Bike commuting is viewed as "risky" (and ****, after doing it now for two year I kind of agree) so more men partake than women. Racers are the tip of the hobby iceberg. We don't only like, make our own coffee tables, we submit them for woodworking competitions. If you want more racers, you need to make an environment favorable for more hobbyists. 1% of 1000 is way more than 1% of 100.
Well, to be clear, quoting the Driveway Series' new racer page:


Q: Is bicycle racing dangerous?
A: Yes.
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Old 03-25-14, 04:37 PM   #96
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What % of leisure riders are men/women? Commuters?

**** racing. We need more people riding bikes everywhere.
Without turning this into an advocacy thread, +1.
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Old 03-25-14, 04:40 PM   #97
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Without turning this into an advocacy thread, +1.
It's not advocacy. Just an answer to the thread topic.

Improved experience seems to equate to more participants. Well, you want more participants, you need to build your potential participant set.

That and cars suck!
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Old 03-25-14, 05:02 PM   #98
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I think there are more than enough outlets for people who want to be athletic but not compete. That's great for your wife!
I think most of us were just replying to the thread title: how to improve women's racing?. There are some of us women who would like to see a better racing scene in our area.
And that's fine…to see it get better you should get more people out. In many areas the folks who have tried to improve it, like YMCA and those in NJ, have found that the answer is more along the lines of it being a solution seeking a problem.

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It's not about what's necessary. Why are competitive athletics necessary for people of all races? Of all heights? If there's unequal participation by people of different ethnicities, do we shrug it off as them just being uninterested? In the history of sports, unequal representation hasn't come from innate differences, it's come from social factors, both deliberate and implicit. If there is unequal participation, there's a reason for it. "Men and women are just different," doesn't cut it. We're all human. We're not wired up that differently. The counterexamples are too numerous to list, but rowing, soccer, lacrosse are just a small handful of sports I can name where participation by both genders is much closer to representative of the actual population ratio. Is racing a boat less competitive than bike racing? (Spoiler: no).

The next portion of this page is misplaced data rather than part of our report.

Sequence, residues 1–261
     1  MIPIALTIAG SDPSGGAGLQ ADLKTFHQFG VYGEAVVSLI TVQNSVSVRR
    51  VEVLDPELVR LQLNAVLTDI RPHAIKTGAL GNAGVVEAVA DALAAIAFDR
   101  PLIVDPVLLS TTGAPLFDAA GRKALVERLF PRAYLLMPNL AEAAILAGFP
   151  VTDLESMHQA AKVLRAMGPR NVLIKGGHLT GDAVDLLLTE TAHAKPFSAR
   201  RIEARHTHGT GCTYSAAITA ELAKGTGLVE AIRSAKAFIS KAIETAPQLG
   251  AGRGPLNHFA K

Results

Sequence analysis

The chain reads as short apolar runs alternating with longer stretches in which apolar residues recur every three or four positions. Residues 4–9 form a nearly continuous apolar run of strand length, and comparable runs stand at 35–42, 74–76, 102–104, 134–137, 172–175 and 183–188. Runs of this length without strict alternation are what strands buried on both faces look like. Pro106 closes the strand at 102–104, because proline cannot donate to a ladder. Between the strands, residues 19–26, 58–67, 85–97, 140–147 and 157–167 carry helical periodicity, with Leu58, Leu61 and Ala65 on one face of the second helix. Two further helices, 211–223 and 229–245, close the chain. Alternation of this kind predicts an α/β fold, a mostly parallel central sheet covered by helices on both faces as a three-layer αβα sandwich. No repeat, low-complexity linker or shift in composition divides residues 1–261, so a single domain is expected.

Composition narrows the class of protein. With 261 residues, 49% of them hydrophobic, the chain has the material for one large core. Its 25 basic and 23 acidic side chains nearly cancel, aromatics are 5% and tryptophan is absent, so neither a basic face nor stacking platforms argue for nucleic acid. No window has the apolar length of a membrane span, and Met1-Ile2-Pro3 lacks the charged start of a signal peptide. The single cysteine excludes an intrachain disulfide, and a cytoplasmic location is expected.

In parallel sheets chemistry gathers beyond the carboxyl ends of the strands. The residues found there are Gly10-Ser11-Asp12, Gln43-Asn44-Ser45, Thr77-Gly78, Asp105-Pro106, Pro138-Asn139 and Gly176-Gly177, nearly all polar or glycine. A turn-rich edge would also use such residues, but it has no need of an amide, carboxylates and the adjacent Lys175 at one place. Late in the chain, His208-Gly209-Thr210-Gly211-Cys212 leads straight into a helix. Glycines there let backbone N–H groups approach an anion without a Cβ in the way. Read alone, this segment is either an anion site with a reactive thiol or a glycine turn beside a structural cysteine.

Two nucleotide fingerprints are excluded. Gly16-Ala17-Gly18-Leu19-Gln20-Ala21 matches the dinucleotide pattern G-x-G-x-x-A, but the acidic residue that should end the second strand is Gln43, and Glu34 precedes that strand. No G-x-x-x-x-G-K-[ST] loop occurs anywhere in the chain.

I think that you are going to have more women who aren't interested in competition than you will have men. I don't believe for a second that it's for biological reasons, and I don't think it's particularly relevant either way - there are still lots of women out there who COULD become interested in racing, but never try. There's a market to be reached - by the way, marketing to 50% of the population is a pretty good reason to want to improve the situation.

As for suggestions, well, if it were an easy problem, it would be solved, wouldn't it? Just because it's hard doesn't mean that the right thing to do is just decide women don't want to race bikes, throw our hands up in the air and give up. It's a hard slog. Rowing had the benefit of Title IX. We don't have that. But we do have real generational changes that are happening. I think the best things going right now are the various high school racing leagues and junior development that is focused as much on girls as boys. And not just in cycling, either, but across all kinds of sports. As girls and women get taken more seriously as athletes, they will keep responding to that, and over time there will be a larger base of women who are interested in competing. In the meantime, I'll say one more time, we need to keep offering everything we can afford to, because it's the right thing to do.
I certainly didn't say it was for biological reasons. I said that the idea that it needs to change, or should change, is fallacious and based on a particular perspective. One with another perspective might think the entire endeavor should be moth balled.

Other sports have a higher % of women? OK. It's still less than their male counterparts in most cases. They're also generally sports where serious injury is less likely.

The ultimate driver here is money. Women are a lesser tapped resource and should promoters fill fields they make more money. To get there promoters, who have a hard enough time making ends meet, need to toss money at fields where the target audience in many areas simply doesn't exist. In that case it's up to that demographic to make things happen.
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Old 03-25-14, 06:23 PM   #99
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Well, to be clear, quoting the Driveway Series' new racer page:


Q: Is bicycle racing dangerous?
A: Yes.

Must be referring to this part:
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We've found rattlesnakes under the concrete barriers, tires, in the watter barricades and in trash cans. Please excercise caustion. If you bring your children to the races, please look out for them and encourage them to excercise caution.
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Old 03-25-14, 08:51 PM   #100
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How can you deny biochemical differences? Athletics is far removed from "pink is for girls, blue is for boys".